Student leader Carla Amtmann (left) and her three year old daughter Amuda put cranes delivered by Peace Boat participants on the memorial for victims of the Pinochet military regime

But there is a gleam of hope. 2013 is to become a memorable year for post-Pinochet Chile. Forty years after the coup d’état, activists have finally achieved two big successes: Former military officers will be tried and Pablo Neruda’s body will be exhumed in March to investigate the reasons for his sudden death. The famous Chilean writer was number two in the alliance of socialist and communist party on which Allende presided. A week after the coup, the military took him to the hospital by ambulance where he died shortly afterwards – allegedly by cancer. But many are convinced that he has been poisoned – among them Neruda’s last assistant Manuel Araia, himself also a victim of torture. “We got his call few hours before his death” he told Peace Boat participants when they visited a former camp for political prisoners. “Neruda asked us to come to the hospital immediately. ‘A doctor is giving me an injection into my belly and I have high fever’ he said.” Manuel Araia – in formal suit and manners – has dedicated his life to find out the reason for the death of Neruda, whom he honours as “the greatest writer of all times, not only in Chile but the world”. He has recently published a book about the case. “I have fought for the exhumation for decades, for me it is one more step more towards justice.”

The tour visited a former prison where Pinochet’s military tortured political opponents, among them Nelson Cabrera. It now serves as a cultural space and museum

In Valparaiso, Peace Boat participants realized how the memory of the dictatorship shapes the political campaigns for the upcoming presidential elections in November. “Our human rights have been systematically violated, not only during the dictatorship but also during allegedly democratic times” claimed the independent candidate Marcel Claude during a peace ceremony, which was held at the memorial for victims of the Pinochet military regime. “The persecution of the Mapuche, the repression of the 2011 student movements and the violation of essential rights to health and nutrition is nowadays just as strong as in the years of the dictatorship.” He promises his voters to renew the constitution, renationalise Chile’s large copper resources and introduce a public health and education system. “Chile is a big salt mine in which a small minority owns, invests and exploits all the resources” he criticized in his speech, indirectly hinting at right-wing president Sebastián Piñera (Coalición por el Cambio – Coalition for Change), who holds the stock of major companies. Prior to the visit, Peace Boat participants folded a thousand cranes for their partner organisation Cine Forum and attached them to the memorial. The crane is a symbol of peace in Japan; a legend goes that for one thousand cranes a wish will be fulfilled. “We have lost our hope that this government or the governments to come are going to solve Chile’s problems” added student leader Carla Amtmann in a passionate speech, which reminded people of Camilla Vallejo, the famous leader of the 2011 student movements. “We have to take them into our own hands and fight against capitalism and neoliberalism as a people.”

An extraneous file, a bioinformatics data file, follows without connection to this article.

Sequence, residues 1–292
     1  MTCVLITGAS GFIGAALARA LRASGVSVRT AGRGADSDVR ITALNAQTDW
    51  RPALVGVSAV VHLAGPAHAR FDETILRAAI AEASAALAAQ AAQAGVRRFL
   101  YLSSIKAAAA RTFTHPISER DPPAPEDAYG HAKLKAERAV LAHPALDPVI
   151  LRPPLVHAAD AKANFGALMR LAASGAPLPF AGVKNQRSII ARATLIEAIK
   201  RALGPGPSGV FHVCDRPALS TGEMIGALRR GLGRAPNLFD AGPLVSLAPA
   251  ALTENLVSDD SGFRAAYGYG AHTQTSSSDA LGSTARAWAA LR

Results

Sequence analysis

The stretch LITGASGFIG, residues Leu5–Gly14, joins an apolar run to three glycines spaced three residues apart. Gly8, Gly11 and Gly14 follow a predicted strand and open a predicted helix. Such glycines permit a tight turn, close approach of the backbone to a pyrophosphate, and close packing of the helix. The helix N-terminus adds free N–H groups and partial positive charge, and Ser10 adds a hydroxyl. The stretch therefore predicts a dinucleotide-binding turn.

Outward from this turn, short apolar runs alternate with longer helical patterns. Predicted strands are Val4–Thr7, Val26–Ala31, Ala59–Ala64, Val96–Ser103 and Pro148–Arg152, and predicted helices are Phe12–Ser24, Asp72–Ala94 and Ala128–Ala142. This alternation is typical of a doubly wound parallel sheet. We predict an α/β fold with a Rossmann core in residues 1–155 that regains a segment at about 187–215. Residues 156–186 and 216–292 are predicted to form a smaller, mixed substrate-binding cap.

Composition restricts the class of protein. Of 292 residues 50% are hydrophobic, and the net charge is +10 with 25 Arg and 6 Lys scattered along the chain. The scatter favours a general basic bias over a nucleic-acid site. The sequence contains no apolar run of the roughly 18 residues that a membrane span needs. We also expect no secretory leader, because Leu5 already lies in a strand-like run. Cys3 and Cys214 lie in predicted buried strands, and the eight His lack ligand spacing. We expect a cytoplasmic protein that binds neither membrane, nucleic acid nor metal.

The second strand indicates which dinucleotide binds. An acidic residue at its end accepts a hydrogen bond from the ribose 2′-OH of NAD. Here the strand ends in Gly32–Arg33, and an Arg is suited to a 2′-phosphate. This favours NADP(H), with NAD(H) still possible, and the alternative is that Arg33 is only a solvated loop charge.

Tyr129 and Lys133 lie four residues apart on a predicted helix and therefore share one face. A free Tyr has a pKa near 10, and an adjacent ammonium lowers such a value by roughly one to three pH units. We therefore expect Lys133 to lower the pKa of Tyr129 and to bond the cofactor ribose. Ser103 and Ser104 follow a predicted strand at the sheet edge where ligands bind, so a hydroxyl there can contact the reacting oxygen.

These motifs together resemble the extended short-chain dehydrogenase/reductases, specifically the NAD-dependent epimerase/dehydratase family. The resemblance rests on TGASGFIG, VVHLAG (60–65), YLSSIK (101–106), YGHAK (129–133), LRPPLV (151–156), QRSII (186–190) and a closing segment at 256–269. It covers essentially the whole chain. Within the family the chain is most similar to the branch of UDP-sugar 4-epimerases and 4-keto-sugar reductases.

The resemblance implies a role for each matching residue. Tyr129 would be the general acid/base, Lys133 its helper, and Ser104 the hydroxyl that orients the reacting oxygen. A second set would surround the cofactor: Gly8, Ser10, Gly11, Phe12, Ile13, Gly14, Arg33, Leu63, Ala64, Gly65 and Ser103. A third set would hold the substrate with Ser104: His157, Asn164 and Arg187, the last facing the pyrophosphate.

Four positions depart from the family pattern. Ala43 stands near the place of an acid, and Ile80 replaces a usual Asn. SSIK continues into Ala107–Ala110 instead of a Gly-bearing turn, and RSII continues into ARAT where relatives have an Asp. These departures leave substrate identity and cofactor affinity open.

While the Ocean Dream was lying in the port of Valparaiso, presidential candidate Marcel Claude (independent) visited the vessel and held a speech. Chile has elections in November 2013

The coastal wind rattles the roof panels of the Valparaiso prison, which was converted into a cultural centre at the turn of the century. It resembled the sound of chains and brings back the memory of the 1,000 political prisoners that were kept here annually during the dictatorship. One of them was Nelson Cabrera, who was part of a resistance movement. “By committing acts of sabotage on the military equipment, we tried to spread hope among the oppressed population, which was suffering from a shock after the coup.” After 18 months in prison, he was sentenced to leave the country for 12 years by a council of war. “But I didn’t leave.” He smiles for the first time. “I went underground and they never found me. The photograph they had of me looked very different.” An accident he had at that time helped him to change his physiognomy. When his face had to be operated, he convinced the doctors to do plastic surgery. Nelson Cabrera let his beard grow, acquired a new identity as “Jorge Garcia” and never stayed in a flat longer than two months. At the end of the dictatorship he founded Cine Forum, a collective which produces and shows alternative cinema. To support their local partners, Peace Boat delivered six digital and two video cameras as well as 13 video tapes via the UPA program, which Nelson Cabrera happily accepted. He finished a script to produce a film about his years in prison and underground – but the governmental foundations have declined to give him any subvention.